In this June 16, 2013 file photo provided by Great Lakes Exploration Group, diver Jim Nowka of Great Lakes Exploration Group inspects a wooden beam extending from the floor of Lake Michigan that experts believe may be part of the Griffin, a ship that sank in 1679.
David J. Ruck, Associated Press - Ap
FILE - In this June 15, 2013, file photo, explorer Steve Libert speaks on a fishing boat as dive teams prepare to inspect a site in northern Lake Michigan.
John Flesher, Associated Press - Ap
Search for shipwreck yields trove of uncertainty
- Article by: JOHN FLESHER
- Associated Press
- May 6, 2014 - 4:28 PM
TRAVERSE CITY, Mich. — Excited shipwreck hunters and scientists assembled in a Lake Michigan fishing village last June, hoping to solve a mystery dating back more than three centuries: the fate of a ship sailed by the 17th century French explorer René-Robert Cavelier, Sieur de La Salle, during a voyage of discovery extending from the Great Lakes to the Gulf of Mexico.
Team members recovered a nearly 20-foot-long wooden slab with signs of human workmanship jammed into the lake bed, but were disappointed to find no buried wreckage. The timber has been examined by U.S. and French experts and underwent a CT scan and carbon dating to determine its age and whether it once was part of a vessel.
Nearly a year later, reports obtained by The Associated Press and interviews with key players reveal sharp divisions over whether the elusive ship has been found.
Mission leader Steve Libert and others with his organization, Great Lakes Exploration Group LLC, contend the timber is a bowsprit from a ship — likely the Griffin, last seen in 1679 with a six-member crew and a cargo of furs near Green Bay in present-day Wisconsin. A report by three French underwater archaeologists says the beam has characteristics consistent with a bowsprit, or pole that extends from a vessel's stem, and apparently was submerged for a century or more. But it stops short of confirming a link to La Salle's ship.
Meanwhile, two U.S. scientists who joined the expedition, project manager Ken Vrana and archaeologist Misty Jackson, say the timber is probably a "pound net stake," an underwater fishing apparatus used in the Great Lakes in the 19th and early 20th centuries. That is also the opinion of Dean Anderson, Michigan's state archaeologist, and Carol Griggs, a Cornell University specialist in using tree rings to determine the age of wooden objects.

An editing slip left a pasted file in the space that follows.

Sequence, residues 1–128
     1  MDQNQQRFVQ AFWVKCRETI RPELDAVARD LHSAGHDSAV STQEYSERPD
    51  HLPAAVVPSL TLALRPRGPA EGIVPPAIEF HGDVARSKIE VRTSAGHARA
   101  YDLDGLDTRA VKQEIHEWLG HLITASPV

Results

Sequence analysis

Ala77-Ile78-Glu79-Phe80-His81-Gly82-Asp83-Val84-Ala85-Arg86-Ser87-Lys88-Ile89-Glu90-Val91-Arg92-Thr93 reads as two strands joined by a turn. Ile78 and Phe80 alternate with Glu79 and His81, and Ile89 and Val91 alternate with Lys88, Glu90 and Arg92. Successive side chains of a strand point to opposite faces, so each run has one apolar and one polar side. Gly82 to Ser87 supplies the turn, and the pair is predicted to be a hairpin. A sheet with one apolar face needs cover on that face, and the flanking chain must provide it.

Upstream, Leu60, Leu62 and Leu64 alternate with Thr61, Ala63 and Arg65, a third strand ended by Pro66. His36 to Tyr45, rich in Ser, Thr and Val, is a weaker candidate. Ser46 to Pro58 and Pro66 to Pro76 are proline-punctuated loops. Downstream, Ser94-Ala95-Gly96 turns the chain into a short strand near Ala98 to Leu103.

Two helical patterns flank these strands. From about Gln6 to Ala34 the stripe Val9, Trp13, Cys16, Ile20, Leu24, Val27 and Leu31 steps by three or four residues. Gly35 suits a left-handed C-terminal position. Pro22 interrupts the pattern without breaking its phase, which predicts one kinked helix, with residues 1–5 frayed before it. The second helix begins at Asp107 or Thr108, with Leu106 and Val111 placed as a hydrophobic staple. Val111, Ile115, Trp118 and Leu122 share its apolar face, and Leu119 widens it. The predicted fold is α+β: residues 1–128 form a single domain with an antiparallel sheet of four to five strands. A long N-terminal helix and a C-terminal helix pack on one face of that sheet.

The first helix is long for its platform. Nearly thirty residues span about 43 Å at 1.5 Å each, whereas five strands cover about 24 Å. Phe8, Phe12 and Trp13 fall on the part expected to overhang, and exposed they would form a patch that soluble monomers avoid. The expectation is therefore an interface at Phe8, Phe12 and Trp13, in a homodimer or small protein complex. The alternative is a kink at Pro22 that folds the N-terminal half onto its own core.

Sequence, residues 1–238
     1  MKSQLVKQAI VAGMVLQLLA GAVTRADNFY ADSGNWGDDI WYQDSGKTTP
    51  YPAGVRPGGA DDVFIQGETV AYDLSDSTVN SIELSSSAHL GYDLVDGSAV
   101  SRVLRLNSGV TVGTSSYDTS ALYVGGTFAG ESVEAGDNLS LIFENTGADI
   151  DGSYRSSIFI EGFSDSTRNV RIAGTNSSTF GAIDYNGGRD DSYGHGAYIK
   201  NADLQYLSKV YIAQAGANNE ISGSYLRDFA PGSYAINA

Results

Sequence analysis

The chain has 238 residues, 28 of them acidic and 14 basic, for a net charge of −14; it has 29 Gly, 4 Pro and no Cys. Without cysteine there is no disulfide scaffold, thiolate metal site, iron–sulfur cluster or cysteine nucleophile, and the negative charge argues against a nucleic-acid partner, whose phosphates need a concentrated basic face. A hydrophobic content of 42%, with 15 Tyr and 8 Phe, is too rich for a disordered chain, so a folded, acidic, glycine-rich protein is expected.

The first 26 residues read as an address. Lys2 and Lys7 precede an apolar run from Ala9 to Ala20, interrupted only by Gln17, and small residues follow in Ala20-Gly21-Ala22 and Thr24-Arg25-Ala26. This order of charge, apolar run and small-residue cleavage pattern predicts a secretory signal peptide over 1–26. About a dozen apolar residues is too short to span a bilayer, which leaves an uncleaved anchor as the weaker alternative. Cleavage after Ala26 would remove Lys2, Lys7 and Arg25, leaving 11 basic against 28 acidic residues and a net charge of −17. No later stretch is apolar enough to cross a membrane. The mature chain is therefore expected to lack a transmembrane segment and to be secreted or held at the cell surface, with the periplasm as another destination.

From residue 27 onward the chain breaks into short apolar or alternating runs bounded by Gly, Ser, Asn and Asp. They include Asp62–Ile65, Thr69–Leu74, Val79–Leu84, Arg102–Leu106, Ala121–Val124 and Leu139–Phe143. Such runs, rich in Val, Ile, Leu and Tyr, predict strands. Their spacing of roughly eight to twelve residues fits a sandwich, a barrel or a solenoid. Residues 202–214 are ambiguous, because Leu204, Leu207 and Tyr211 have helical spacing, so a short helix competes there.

"We're not killjoys," said Jackson, a Michigan-based cultural resources consultant. "We'd have all loved for this to be the Griffin. We're just presenting the evidence and that data that we have, and it points away from that."
Libert, a retired military intelligence analyst who has spent three decades and about $1 million hunting for the Griffin, scoffs at the net stake idea. He plans to continue searching this summer for shipwreck debris near uninhabited Poverty Island, where he found the timber while diving in 2001 nearly 50 feet below the lake's surface.
"I'm 99 percent sure the Griffin is in that area and we'll find it," he said.
An excavation permit Libert obtained last year required his team report its findings to the state archaeologist's office. The AP obtained the document through a Freedom of Information Act filing.
A vexing question is why the timber was found almost upright on the lake bottom, with the lower 9 feet buried in thick sediment. The report, written by Vrana and Jackson, says that supports the pound net hypothesis. Libert contends the force of the vessel's sinking during a vicious storm could have wedged the timber into the sediment.
The report includes photographs of another reputed pound net stake found by a fisherman that has features in common with the timber Libert's team recovered, such as peg-like tree nails protruding near one end. But there are differences: The fisherman's slab was probably almost twice as long, and the tree nails were square while those on the Libert slab were tapered or cone-shaped.
Jackson argues that those and other differences between the beams are minor, especially given the history of net stake fishing in the area. Libert says members of Native American fishing families reaching back generations insist such stakes weren't used where his beam was found.
Another point of contention is the timber's age. It had too few tree rings for a definitive answer.
Griggs and Vrana contend an analysis from radiocarbon dating suggest there's a 78 percent chance the beam came from a tree felled between 1820 and 1950. The likelihood it dated to the late 1600s is less than 5 percent, they say.
Darden Hood, president of the company that performed the carbon-14 tests, said the wood could have originated from several periods between 1670 and 1950 and attempting to narrow the time range could produce misleading results.
Both sides agree Poverty Island is a good place to search, based on writings of La Salle and his companions. But the skeptics say Great Lakes Exploration is a long way from proving it has discovered the Griffin's resting place.
Richard Gross, staff historian with Great Lakes Exploration, says the next step is to thoroughly survey the lake bed using sonar, metal detectors and other tools for signs of buried artifacts.
"We've been fooled by this technology in the past, but every step in the process you learn," he said. "We're really encouraged by what we've found."
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